Glenn Hughes: Okay. Let’s talk about that. When we were making “Burn,” when we were writing the “Burn” album, David had never written a song before, really. And I had done Trapeze for four years. And we were in the castle writing these songs and rehearsing these songs. And as we were doing it, I would look at him, and he would look at me, and I either would go– it was like, “Sir, would you? Would you?” It was never a fight with David. Never. It was very complimentary, “Take this. I’ll take this.”

Like in “Sail Away,” he sings the first. I sing the second verse. And that’s the way we do it, you know? And in “Burn,” we had no arguments. It’s very, very Glenn. And so, we knew what we were doing. It was very obvious. I never really wanted to do something that… Nah, it’d be wrong. Let him feel comfortable in the role of this new singer. Let me do the thing I’ve been doing. Let me play the bass, and let me sing. Let me come and do my thing, and let’s see what happens?” And it worked really well. We are very good friends. We never had a falling out. We never had a problem with “who should sing what, who should sing this?” Never. I never had a problem.

But here’s something you don’t know. I haven’t really spoken about this so much. I never really spoken to the press about this. This is a complete exclusive. It was late one night, and I was alone in the studio with Martin Birch, and we had recorded the music for a song called “Dealer” Okay? “Dealer” I was alone with Martin. And I said, “Put that track on really quick. Put that track on.” And I sang my own version, lyrics, melody before David, before he even– it was private. It was an intimate moment for me. So, I went to the studio, and I wrote and recorded something you hadn’t heard. And it was okay. It was cool. It was okay, but we never used it. But so, I’m thinking, and I might– I may record. I may play that one. I like that song. I like all the songs. I don’t, but yeah. Nobody knows about it. But it’s okay because it’s– there was nothing strange about it. It was something in– I felt spontaneous. I wanted to do something, and it was interesting.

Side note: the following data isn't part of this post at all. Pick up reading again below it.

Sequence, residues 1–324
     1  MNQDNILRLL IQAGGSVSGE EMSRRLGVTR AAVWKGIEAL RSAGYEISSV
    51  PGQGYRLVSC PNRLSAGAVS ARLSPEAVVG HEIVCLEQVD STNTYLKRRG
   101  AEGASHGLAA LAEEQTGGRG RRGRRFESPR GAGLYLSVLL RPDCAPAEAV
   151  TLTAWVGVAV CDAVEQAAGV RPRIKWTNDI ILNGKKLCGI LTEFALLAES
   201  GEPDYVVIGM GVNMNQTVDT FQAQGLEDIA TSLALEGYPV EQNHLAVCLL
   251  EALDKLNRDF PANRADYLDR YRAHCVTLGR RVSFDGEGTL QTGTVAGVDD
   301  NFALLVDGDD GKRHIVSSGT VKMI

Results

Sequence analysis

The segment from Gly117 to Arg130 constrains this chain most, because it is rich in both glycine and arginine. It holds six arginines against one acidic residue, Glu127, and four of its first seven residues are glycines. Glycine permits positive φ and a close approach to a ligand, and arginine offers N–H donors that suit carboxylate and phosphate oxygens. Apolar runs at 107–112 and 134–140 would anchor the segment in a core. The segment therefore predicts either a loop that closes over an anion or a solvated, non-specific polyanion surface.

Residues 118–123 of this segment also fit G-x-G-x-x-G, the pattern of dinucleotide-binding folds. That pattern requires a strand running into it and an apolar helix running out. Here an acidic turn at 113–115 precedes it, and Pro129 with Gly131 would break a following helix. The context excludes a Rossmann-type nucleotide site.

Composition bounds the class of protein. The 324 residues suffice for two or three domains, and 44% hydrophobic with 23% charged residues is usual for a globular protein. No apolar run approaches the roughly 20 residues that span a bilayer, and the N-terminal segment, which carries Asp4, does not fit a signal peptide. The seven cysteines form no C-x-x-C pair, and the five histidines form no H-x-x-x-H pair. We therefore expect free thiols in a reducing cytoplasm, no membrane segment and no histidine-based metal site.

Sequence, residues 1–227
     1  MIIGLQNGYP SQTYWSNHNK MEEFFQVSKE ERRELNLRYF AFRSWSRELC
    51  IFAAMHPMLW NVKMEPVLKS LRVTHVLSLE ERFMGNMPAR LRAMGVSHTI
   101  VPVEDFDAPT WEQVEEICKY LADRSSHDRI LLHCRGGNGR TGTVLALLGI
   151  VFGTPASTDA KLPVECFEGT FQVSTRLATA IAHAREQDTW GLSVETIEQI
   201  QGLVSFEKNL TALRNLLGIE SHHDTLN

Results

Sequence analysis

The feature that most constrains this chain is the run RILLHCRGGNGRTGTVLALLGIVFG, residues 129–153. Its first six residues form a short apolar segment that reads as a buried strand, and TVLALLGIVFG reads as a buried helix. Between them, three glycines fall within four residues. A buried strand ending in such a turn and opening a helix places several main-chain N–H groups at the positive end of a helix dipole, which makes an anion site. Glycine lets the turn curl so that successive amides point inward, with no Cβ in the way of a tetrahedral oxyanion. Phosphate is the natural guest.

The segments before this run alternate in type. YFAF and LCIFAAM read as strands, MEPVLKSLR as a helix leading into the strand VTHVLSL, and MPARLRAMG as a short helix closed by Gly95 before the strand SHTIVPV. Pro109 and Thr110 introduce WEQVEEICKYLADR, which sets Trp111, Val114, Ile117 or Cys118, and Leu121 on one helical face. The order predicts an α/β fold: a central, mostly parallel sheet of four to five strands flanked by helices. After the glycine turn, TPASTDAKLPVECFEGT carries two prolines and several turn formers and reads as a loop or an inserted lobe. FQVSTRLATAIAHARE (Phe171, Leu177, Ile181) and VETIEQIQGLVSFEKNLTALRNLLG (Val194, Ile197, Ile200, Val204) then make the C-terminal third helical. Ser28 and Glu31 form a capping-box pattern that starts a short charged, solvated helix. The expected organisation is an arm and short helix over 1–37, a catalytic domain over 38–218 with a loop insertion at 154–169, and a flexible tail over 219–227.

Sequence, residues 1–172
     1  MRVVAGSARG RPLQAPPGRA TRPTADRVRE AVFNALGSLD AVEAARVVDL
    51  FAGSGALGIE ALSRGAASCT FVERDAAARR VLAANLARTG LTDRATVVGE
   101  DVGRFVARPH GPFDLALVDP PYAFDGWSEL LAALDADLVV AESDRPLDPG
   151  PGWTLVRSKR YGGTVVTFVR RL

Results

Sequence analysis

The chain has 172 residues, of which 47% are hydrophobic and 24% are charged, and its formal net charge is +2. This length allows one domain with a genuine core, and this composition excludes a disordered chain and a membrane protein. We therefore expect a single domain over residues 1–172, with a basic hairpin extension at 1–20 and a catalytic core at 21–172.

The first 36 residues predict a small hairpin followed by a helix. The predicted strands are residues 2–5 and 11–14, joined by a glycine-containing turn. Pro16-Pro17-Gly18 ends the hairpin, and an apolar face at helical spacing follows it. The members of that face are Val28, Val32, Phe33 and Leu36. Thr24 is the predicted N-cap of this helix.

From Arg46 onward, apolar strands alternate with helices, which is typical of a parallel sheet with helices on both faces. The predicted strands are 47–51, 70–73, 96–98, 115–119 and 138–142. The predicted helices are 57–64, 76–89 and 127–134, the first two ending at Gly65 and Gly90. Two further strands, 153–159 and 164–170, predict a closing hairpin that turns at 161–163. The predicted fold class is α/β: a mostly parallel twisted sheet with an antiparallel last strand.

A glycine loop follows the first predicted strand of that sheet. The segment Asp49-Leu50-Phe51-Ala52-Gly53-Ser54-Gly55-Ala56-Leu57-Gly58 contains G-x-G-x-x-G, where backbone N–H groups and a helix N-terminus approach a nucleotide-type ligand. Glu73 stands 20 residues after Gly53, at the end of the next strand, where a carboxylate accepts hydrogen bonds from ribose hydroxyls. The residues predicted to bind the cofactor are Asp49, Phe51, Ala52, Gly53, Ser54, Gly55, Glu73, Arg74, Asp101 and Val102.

Deep Purple 1974: Jon Lord, Glenn Hughes, Ian Paice, David Coverdale, and Ritchie Blackmore


You mentioned earlier that you are going to make a new solo album at some point. Do you already know what kind of record the fans can expect this time?

Glenn Hughes: Well, nothing planned. But I think, at some point, I will want to make new music because I do write music all the time. So, I have got songs that I want to record. It’s just a matter of getting the schedule to make music.

Your latest solo album, “Resonate,” was released in 2016. I loved it because, with that album, you returned to your rock roots.

Glenn Hughes: Yeah, yeah. I did, yeah.

So, my question goes like this: if we put together everything you’ve done: Trapeze, Deep Purple, Black Country Communion, the solo albums, and the other stuff, there are many different styles on those records. There are funk albums, rock albums, blues albums, heavy albums, hard rock albums, and the list goes on. So, after all, which musical style do you prefer to do the most?

Glenn Hughes: I like a mixture. I like the heavy groove. I think I’m one of the few people from the ’70s in rock music playing heavy grooves when I was a teenager. I was a white guy playing black grooves. Seriously. I mean, because I grew up listening to Tamara Martell as a 14-year-old. Most of my friends at 14 were listening to Hendrix and the Cream. I kind of was, but I was more interested in what was being made in Detroit. And then I became, obviously, friends with Stevie Wonder, which was great because Stevie is not only my favorite singer, but he’s a really nice man. Really kind and beautiful, but the answer to your question is, I like heavy, heavy grooves [laughter] with soulful rock vocals [laughter].

So, there is not just one answer to my question?

Glenn Hughes: There’s not an actual answer for you [laughter].


What is the situation with the Black Country Communion? Is there any news about that band?

Glenn Hughes: No, I mean Joe, and I want to make– well, the band– Joe and I want to make another album. And we will, next year, I would imagine. We spoke about it. Again, people ask me, “Will you tour?” and you know the answer to that. I don’t know? Because I’m busy, Jason’s very busy, and Joe’s very busy. What you do know about me is this, I was the one that was always, “Maybe I should wait for the band to play,” and then I said to myself two years ago, “I’m not going to wait anymore. I love the guys. I love working with them in the studio, but I’ve got to be playing live.”

That kind of situation is certainly challenging for any band, but at least you will all get along again. There was a lot of “bad talk” in the air when Joe left the group in 2013, but everything seems to be okay now?